RE: Trademarks and nouns - how often?

Subject: RE: Trademarks and nouns - how often?
From: Christi Carew <ccarew -at- rangestar -dot- com>
To: TECHWR-L <techwr-l -at- lists -dot- raycomm -dot- com>
Date: Fri, 6 Oct 2000 09:20:06 -0700

> -----Original Message-----
> From: Hart, Geoff [mailto:Geoff-H -at- MTL -dot- FERIC -dot- CA]
> Subject: Trademarks and nouns - how often?

> Interestingly, when you consider the purpose behind why we should "use
> trademarks as adjectives, not nouns", the whole issue comes
> down to one of
> common sense. If the noun form acts as a unique identifier, it's not a
> problem; nobody is going to say "I pagemakered [laid out]
> this document in
> the latest release of Quark before sending it to the printer", "Adobe
> Illustrator is an example of a category of software known as CorelDraw
> [graphics] tools", or "I was down at the discount computer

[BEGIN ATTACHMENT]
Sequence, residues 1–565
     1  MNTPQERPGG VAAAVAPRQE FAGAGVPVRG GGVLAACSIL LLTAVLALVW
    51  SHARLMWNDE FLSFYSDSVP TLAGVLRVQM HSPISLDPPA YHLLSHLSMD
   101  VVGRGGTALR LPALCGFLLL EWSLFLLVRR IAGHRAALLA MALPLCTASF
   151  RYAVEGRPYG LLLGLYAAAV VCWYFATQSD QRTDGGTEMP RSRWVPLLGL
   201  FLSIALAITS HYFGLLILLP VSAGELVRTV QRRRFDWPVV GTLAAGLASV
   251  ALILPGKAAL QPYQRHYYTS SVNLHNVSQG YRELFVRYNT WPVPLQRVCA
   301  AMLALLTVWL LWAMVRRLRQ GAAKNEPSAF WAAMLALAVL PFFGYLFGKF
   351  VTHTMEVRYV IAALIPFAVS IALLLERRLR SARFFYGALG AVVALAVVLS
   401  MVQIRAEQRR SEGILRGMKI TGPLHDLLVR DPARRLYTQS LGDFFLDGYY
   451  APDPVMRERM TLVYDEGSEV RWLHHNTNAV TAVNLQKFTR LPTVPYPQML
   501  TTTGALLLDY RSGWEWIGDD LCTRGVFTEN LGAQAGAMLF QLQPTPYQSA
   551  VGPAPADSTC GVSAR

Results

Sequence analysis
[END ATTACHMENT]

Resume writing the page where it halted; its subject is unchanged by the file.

> shop yesterday
> and they've got a whole slew of new Linux microsofts
> [operating systems]".
> But it's easy to blow your nose on kleenex, make a xerox copy
> on your Canon
> copier, and so on. So the real problems arise when your name
> is likely to be
> taken as a generic rather than a specific, and in most of the
> documentation
> we do, that's simply not relevant.

I wish that I were old enough to have been around when Xerox and Kleenex
were introduced. Unfortunately, I can't comment or note on how quickly or
easily each of these came into generic usage.
However, at a company that I used to work, many of their products were the
"industry standard" for what they did (in the medical instrument world). The
company was terrified of having their terms become generic. It was a fine
line that they walked between getting people to use the name (and know and
recognize it immediately) and not getting them to use it generically. It was
important to use the generic term after the trademark in documentation.
Depending on what you do and what industry you are in and the current status
of that world, it may make sense to be a bit more paranoid about your
trademarks and how you use them.

Christi Carew
ccarew -at- rangestar -dot- com

RangeStar Wireless

All communication contained in this e-mail is entirely my own and is not
necessarily endorsed by my co-workers or employer.

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